Don’t Fear the “New Normal”

September 1, 2020 – You’ve probably heard it a lot lately:  things will never be the same…we won’t sit in arenas, we won’t travel, we won’t congregate, physical contact between humans will become a distant memory.  If you think the second wave will be bad, wait until the third! Could the new normal really involve constant isolation with a sprinkling of hazmat suit protected socialization?

The simple answer is no.  In fact, the new normal will look very familiar, because it will be the same as the old normal, just a little more digital. We state this with confidence based on three driving factors:  human ingenuity, our need for social interaction, and the pulling forward of established digital trends.

Never before has there been a concerted global effort to resolve a shared problem.  At least 23 companies are well advanced on drug trials in search for a COVID-19 vaccine.  And knowledge sharing has resulted in more successful medical outcomes for patients based on improved treatment methodologies. Governments are fast-tracking phased approvals and production lines designed to produce billions of preventative doses are already under construction. And from a testing perspective, expect to see over one hundred million 15 minute, easily administered rapid kits available late this year as Abbott Labs just revealed its game changing product.[1] Human ingenuity cannot be underestimated…this virus will summit to our collective force and victory will be achieved at some point in 2021.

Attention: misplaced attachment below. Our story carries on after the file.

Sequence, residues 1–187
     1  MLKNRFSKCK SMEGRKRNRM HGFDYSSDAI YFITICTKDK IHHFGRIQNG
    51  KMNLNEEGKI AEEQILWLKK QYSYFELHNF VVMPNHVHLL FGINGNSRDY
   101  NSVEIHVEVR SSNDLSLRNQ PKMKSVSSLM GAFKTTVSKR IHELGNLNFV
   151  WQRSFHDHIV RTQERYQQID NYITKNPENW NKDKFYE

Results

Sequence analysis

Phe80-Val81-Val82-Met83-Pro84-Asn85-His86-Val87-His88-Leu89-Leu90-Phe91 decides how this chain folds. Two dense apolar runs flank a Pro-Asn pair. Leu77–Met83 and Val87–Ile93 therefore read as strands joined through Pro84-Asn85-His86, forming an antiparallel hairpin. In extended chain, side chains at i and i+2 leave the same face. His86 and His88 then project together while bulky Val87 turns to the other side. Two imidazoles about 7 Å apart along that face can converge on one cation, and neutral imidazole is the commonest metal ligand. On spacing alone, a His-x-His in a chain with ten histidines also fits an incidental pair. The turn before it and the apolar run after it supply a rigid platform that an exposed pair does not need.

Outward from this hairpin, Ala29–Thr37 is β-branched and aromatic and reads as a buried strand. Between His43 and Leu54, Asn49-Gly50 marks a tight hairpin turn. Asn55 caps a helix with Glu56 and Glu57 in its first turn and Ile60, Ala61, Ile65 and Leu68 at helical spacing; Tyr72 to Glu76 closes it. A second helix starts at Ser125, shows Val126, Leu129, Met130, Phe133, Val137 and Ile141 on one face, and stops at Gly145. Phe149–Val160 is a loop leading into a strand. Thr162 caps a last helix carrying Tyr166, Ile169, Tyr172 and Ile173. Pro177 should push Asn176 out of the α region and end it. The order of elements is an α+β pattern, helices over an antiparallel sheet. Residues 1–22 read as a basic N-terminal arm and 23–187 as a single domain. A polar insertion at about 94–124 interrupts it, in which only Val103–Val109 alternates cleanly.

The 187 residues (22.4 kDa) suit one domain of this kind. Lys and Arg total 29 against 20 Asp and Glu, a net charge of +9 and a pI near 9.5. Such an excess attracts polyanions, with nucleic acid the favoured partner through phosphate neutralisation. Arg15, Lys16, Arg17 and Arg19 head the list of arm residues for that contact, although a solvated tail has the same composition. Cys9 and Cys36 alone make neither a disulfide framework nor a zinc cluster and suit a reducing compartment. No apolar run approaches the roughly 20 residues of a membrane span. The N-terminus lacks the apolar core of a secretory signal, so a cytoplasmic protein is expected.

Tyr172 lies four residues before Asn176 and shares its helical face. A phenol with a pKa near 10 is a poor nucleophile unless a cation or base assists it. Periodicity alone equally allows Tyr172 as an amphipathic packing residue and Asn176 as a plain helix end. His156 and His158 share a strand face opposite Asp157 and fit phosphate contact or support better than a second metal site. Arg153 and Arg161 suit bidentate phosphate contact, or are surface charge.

Regardless, and in the meantime, we need social interaction.  Since the dawn of time, people have craved the comfort and camaraderie provided by others.  As impressive as the rise of Zoom has been, burnout and rebellion have already kicked in.  Just as an overly Botoxed face hides meaningful muscular cues, so does the 2D multi-windowed façade of video communication. Simply put, people need and want to meet in person when possible and convenient.  And guess what?  We can! And we are starting to safely.  The numbers from a recent World Health Organization backed study at McMaster University are reassuring.[2] When crossing paths with an infected person, there is only a 1.5% chance of transmission when six feet apart. And, there is only a 3% chance of virus transmission when less than six feet apart where both parties are wearing a mask. So let’s wear masks, stay at least six feet apart and interact…especially while the climate remains accommodative.

Human ingenuity plus our need to connect with others has resulted in unexpected surprises:  closed streets lined with well spaced dining tables, the resurgence of drive-ins, parking lot concerts, drive through food truck experiences and art exhibitions, outdoor viewing parties and the simpler things including park visits, picnics and bonding with neighbours.  And in the world of Experiential Marketing™, our world, it has never been a better time to be creative.  Because even with a mask and at six feet, one-on-one marketing has never been more powerful or meaningful if done right.

Regarding the “new normal”…yes, it will be a little more digital.  This macro trend was well established pre-COVID and no doubt the pandemic has led to its acceleration. No XM plan should exist without a digital component.  The planning and programs we are creating for clients today are certainly more digital in nature, be they contests, promotions, branded content or the leveraging of sponsorship rights in new and interactive ways.  But at the same time, there are physical KPIs that will always be in favour such as “liquid on lips” for beverage companies, “bums in seats” for the auto industry and samples distributed for CPGs. The in-person conversations that surround those engagements are impactful. Although Digital Experiential Marketing™ will continue to gain in importance over time (we’ve dedicated a new division to it) its physical counterpart is bouncing back and will return with even greater gusto in the new year.

[1] https://www.forbes.com/sites/brucejapsen/2020/08/27/abbott-labs-rapid-5-covid-19-test-may-fill-in-testing-gaps-for-millions-in-the-us/#4427dbfc12d9
[2] https://www.livescience.com/face-masks-eye-protection-covid-19-prevention.html